Once more the menace of the global bed bug infestation has risen to the top of the news pages. These pesky little prehistoric creatures have been wreaking havoc on sleepy people all over and the battle is still on, however, this time scientists have made a breakthrough via genetic means by finally sequencing the dna of the bed bug.
Bed bugs are tiny little buggers that subsist on the blood of other animals, int his case, we humans. They’ve been around since prehistoric times and have been a constant companion until the 1940s and 50s in the US when DDT was used to wipe out pests. Since then they’ve made a resounding comeback and cost 100s of millions of dollars per year in costly pest control.
Bed bugs are classified as an ectoparasite of global proportions. Due to extensive travel and interaction, people have spread the menace throughout the four corners of the globe.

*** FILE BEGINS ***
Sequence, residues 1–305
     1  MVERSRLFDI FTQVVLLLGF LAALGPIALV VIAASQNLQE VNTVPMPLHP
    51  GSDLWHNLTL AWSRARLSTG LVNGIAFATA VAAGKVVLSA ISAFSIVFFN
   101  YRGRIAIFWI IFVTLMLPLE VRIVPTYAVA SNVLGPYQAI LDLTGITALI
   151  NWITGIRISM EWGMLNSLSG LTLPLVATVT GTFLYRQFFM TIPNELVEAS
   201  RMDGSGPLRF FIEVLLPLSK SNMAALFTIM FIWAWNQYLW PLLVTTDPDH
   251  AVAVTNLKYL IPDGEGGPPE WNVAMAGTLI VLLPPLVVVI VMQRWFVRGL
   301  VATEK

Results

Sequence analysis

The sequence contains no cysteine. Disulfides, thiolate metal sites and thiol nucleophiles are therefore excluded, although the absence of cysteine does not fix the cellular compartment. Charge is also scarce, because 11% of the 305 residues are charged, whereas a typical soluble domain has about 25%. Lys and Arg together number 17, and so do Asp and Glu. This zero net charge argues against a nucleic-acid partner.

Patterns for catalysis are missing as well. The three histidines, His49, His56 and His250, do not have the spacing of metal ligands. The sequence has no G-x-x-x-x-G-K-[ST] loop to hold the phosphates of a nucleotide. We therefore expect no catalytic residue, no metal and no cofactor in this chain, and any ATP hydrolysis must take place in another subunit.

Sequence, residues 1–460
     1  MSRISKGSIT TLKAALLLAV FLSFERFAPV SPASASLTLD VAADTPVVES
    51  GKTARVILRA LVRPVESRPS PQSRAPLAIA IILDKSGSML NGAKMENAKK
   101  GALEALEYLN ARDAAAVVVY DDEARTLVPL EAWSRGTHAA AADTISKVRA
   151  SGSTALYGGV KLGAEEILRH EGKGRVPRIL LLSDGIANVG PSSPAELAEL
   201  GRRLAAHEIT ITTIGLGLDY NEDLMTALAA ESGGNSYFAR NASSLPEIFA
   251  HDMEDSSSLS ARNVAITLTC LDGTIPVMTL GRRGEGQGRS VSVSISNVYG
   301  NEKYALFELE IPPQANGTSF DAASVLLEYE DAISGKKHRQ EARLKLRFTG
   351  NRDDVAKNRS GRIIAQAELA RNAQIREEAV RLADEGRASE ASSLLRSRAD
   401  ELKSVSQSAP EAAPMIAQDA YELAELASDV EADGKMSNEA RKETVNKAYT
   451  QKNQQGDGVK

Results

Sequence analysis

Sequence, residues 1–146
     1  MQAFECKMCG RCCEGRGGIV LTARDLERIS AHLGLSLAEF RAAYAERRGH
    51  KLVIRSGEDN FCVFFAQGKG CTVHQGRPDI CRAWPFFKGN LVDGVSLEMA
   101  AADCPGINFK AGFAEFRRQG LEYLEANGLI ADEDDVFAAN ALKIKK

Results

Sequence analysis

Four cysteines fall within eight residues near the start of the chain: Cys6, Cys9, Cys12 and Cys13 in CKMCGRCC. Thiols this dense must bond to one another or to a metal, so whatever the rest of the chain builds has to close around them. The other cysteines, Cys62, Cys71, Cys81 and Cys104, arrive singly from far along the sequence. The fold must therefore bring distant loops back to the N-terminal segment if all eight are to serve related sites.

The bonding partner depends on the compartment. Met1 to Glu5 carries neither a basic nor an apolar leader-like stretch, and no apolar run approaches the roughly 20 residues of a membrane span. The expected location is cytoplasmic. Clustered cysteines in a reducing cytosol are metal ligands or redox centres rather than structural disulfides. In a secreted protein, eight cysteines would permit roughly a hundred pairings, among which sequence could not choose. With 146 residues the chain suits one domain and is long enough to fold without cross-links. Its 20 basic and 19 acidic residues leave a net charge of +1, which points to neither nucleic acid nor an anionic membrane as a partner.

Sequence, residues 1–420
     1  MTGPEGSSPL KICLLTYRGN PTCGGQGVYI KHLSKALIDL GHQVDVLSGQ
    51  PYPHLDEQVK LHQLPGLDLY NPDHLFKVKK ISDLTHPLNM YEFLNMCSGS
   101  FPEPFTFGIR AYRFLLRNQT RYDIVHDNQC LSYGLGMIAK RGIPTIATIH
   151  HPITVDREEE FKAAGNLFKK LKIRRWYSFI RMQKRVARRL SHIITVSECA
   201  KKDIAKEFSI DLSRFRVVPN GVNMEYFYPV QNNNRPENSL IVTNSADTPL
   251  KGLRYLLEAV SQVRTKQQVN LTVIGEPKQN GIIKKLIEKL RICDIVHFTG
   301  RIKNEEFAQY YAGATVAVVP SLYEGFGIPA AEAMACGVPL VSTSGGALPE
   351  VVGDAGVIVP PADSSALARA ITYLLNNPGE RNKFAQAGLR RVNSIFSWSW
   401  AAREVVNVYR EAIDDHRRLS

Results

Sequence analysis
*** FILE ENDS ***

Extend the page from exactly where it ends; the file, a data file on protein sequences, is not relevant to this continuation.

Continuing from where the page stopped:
The latest sequencing of the dna of the bed bug will hopefully find a way to eradicate or at least diminish their power. Perhaps a new insecticide can be developed that the bed bugs cannot build a resistance to.
Bed bugs have a scientific name, Cimex lectularius, and this advance in genetic sequencing may herald in a new age of pest control the likes of which science fiction stories are made.
Combining this new technological approach to known preventative measures of bed bugs pest control, the future of the creatures is sure to be eradication back to nature. Bed bugs have been infesting bats since who knows when. When humans started using caves as homes and refuge, the parasites probably moved from the bats to the humans. People can engage in preventative measures by first checking for bed bugs. They’re very small, about the size of an apple seed. They can burrow into wood and other soft tissue or soft material making them difficult to get at. There are natural solutions on a commercial level that one can purchase or hire a professional pest control expert.
The trick is to get to the bed bugs before they become a major infestation and make it far more expensive to dig out.
By now knowing what makes these creature tick via their genetic sequencing, we can now develop effective and environmentally safe preventative and offensive systems to deal with them.
Image credit: Wikipedia